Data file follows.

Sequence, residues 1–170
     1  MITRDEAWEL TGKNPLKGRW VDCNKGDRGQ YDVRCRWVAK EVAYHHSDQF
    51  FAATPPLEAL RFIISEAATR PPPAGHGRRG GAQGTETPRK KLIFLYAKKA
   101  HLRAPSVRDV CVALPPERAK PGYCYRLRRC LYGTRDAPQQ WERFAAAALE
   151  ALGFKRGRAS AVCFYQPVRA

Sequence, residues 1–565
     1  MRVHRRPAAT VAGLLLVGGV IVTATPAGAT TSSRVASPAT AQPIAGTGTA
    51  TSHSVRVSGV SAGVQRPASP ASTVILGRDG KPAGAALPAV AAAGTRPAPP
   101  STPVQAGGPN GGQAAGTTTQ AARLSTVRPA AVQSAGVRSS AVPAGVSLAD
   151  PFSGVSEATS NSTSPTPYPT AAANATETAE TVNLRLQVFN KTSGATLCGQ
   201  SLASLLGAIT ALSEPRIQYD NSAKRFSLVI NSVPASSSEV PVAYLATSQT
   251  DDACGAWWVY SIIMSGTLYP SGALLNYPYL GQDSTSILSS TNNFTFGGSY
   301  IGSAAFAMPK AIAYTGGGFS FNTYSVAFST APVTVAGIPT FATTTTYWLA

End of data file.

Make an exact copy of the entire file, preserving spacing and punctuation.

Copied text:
Sequence, residues 1–170
     1  MITRDEAWEL TGKNPLKGRW VDCNKGDRGQ YDVRCRWVAK EVAYHHSDQF
    51  FAATPPLEAL RFIISEAATR PPPAGHGRRG GAQGTETPRK KLIFLYAKKA
   101  HLRAPSVRDV CVALPPERAK PGYCYRLRRC LYGTRDAPQQ WERFAAAALE
   151  ALGFKRGRAS AVCFYQPVRA

Sequence, residues 1–565
     1  MRVHRRPAAT VAGLLLVGGV IVTATPAGAT TSSRVASPAT AQPIAGTGTA
    51  TSHSVRVSGV SAGVQRPASP ASTVILGRDG KPAGAALPAV AAAGTRPAPP
   101  STPVQAGGPN GGQAAGTTTQ AARLSTVRPA AVQSAGVRSS AVPAGVSLAD
   151  PFSGVSEATS NSTSPTPYPT AAANATETAE TVNLRLQVFN KTSGATLCGQ
   201  SLASLLGAIT ALSEPRIQYD NSAKRFSLVI NSVPASSSEV PVAYLATSQT
   251  DDACGAWWVY SIIMSGTLYP SGALLNYPYL GQDSTSILSS TNNFTFGGSY
   301  IGSAAFAMPK AIAYTGGGFS FNTYSVAFST APVTVAGIPT FATTTTYWLA